The Fourth Sunday of Easter has my favorite Gospel story of Jesus as the Good Shepherd–my favorite image of Jesus. It’s the perfect image for us today.
Jesus says, “I am the good shepherd. A good shepherd lays down his life for his sheep.”
Jesus says “I am” 45 times in the gospel of John. Some of the outstanding ones are: I am the bread of life. (Jn 6:35) I am the light of the world (Jn. 8:12) I am the resurrection and the life (Jn 11: 25 and I am the way, the truth and the life (Jn. 14:6).
Our scripture scholar William Barclay points out that there are two Greek words for ‘good’. One is agathos that simply means the moral quality of the person; the other is kalos that means that in goodness, there’s a winsomeness that makes it lovely. When Jesus is described as the Good Shepherd, the word is kalos. There is loveliness in him. And yet we know that being a shepherd was (and is) a demanding task, a demanding vocation.
In Jesus’ time some looked down on shepherds as outcasts; they were not usually welcome in the towns. Their work was demanding and perilous. They were sometimes responsible for herds numbering in the thousands. They contested with hyenas, jackals, wolves, bears, human enemies, the burning heat of the day, and bitter cold of night. If something happened to a sheep, the shepherd had to produce proof it was not his fault. The law laid it down: If torn by beasts, let him produce the evidence.” (Exodus 22:13)
It took me a long time to realize that shepherds walked down the road ahead of their flock. And the sheep simply followed. They just responded to his voice.
In Mark 10:32, we’re told that the disciples were going up to Jerusalem “and Jesus was leading the way.” And of course, along the way, he was teaching and forming them.
Jesus distinguishes between true and false shepherds. The false ones are mere hired hands that don’t go out of their way to help the sheep. (And don’t we have some political leaders these days who take care of their of own interest, rather than their constituents?) The good shepherd is the one dedicated to his sheep and their care.(And the same with true servants of the people. Are you watchful whom you elect?)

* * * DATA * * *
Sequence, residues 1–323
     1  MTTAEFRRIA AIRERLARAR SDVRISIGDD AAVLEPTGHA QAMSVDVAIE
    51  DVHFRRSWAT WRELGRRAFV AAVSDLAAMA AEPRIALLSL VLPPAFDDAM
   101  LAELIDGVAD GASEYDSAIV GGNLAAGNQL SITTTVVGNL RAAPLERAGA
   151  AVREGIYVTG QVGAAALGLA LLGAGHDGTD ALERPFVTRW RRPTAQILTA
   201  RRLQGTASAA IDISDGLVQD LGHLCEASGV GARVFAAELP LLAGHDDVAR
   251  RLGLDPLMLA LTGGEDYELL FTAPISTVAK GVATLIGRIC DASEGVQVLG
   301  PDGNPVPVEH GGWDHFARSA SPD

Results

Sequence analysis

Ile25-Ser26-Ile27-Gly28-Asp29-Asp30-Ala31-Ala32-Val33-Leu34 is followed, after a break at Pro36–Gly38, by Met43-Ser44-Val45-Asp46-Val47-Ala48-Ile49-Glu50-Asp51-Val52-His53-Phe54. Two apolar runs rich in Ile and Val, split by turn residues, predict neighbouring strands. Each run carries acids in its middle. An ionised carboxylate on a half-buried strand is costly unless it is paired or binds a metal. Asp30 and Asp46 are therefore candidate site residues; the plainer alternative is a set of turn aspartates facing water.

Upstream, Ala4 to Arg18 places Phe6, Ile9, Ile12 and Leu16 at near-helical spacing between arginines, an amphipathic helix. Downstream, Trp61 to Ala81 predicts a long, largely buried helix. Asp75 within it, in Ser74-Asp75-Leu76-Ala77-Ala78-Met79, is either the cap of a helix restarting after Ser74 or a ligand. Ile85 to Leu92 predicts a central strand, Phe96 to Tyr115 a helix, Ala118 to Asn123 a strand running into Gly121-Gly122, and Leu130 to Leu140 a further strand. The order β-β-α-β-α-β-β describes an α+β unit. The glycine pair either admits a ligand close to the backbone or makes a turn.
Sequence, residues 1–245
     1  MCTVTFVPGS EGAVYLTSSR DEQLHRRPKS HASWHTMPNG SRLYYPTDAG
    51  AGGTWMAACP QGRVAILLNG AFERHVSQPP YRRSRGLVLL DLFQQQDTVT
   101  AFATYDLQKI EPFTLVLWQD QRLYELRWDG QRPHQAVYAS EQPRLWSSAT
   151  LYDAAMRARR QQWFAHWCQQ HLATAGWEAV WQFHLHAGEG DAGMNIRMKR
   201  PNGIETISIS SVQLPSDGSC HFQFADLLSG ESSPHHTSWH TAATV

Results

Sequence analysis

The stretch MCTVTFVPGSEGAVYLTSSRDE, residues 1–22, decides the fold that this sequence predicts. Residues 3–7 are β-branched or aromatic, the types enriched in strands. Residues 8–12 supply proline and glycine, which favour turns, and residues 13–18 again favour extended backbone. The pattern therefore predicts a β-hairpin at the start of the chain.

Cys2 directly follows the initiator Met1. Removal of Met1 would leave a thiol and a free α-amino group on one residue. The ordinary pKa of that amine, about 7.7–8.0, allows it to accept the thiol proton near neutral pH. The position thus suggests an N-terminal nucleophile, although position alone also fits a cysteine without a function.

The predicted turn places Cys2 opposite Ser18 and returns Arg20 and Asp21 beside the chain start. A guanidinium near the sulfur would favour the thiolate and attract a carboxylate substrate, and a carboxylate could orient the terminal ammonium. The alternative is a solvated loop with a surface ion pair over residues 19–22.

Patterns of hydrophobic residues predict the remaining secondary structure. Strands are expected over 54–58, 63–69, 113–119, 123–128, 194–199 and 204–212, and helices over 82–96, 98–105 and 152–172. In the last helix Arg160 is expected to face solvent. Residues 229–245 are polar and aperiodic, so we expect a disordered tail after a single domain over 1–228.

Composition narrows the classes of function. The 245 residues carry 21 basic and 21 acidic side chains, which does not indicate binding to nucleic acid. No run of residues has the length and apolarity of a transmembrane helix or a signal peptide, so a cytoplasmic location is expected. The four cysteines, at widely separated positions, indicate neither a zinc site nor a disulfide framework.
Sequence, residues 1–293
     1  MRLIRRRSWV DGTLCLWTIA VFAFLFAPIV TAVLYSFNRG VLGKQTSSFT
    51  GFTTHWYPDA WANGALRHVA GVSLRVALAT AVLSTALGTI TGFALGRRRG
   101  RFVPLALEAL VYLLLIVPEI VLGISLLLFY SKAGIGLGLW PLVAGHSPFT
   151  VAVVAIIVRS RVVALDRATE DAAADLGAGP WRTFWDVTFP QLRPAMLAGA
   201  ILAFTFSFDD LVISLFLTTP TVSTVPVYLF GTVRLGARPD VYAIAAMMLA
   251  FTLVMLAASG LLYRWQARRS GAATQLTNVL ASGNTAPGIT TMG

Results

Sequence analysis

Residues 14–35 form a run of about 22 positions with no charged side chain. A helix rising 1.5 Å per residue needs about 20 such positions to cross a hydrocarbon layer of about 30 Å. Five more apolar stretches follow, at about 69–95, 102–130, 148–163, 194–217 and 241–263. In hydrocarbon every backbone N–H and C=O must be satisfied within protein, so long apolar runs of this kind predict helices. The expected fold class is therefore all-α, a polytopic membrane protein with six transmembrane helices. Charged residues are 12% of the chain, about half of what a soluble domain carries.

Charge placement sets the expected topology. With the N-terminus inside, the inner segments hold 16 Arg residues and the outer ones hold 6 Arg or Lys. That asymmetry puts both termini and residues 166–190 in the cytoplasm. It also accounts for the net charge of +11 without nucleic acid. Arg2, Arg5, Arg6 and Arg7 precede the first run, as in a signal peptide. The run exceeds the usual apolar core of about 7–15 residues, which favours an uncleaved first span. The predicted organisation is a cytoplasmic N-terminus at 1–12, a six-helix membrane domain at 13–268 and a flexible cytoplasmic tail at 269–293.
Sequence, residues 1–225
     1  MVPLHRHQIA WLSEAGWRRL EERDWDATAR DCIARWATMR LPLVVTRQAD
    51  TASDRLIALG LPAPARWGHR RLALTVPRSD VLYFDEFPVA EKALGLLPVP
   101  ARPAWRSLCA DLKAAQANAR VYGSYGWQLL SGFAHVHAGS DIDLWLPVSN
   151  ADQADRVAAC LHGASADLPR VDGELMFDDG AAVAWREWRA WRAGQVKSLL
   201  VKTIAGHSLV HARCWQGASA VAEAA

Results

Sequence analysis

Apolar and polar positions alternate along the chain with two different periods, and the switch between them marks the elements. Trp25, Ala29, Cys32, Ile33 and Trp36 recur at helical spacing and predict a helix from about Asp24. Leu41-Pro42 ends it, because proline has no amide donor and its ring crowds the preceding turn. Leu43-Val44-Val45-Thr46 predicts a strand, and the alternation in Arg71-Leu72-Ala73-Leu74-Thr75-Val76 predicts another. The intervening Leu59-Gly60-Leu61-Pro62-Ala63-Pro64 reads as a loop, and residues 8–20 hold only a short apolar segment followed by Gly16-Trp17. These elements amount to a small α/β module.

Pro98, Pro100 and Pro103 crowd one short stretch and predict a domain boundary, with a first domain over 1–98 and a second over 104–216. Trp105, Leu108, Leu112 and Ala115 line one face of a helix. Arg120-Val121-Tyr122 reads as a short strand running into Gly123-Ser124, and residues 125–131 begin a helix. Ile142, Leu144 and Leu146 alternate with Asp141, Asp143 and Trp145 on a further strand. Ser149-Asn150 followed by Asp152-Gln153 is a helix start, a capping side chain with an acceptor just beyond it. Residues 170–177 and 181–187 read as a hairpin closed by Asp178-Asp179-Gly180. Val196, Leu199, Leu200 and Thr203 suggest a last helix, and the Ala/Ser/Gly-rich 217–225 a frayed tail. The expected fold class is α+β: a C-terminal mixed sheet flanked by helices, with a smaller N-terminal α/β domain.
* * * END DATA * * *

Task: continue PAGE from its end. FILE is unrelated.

The concept of the Messiah as the Good Shepherd appeared frequently in the Old Testament, notably in the prophet Ezekiel. All of Chapter 34 is dedicated to the Good Shepherd. Ezekiel warns of the peril of following false shepherds who lead their flocks astray. Seek the Good Shepherd who says, “The Lost I will seek out, the strayed I will bring back, the injured I will bind up, the sick I will heal. . . . Thus shall they know that I the Lord, am their God, and they are my people.”
These words were as familiar to the Jews in the time of Jesus as they are to us. They, too, recognized the difference between a good shepherd and a hireling, who was more interested in his pay than the welfare of the flock.
What a wonderful model for leadership of any kind. Someone who is not coercing. Not goading. Not threatening.
Jesus just wants to lead the way. He wants to BE the way because he walked the path ahead of us. He knows what human life and death is about.
And more than that, he says “I know mine and mine know me.”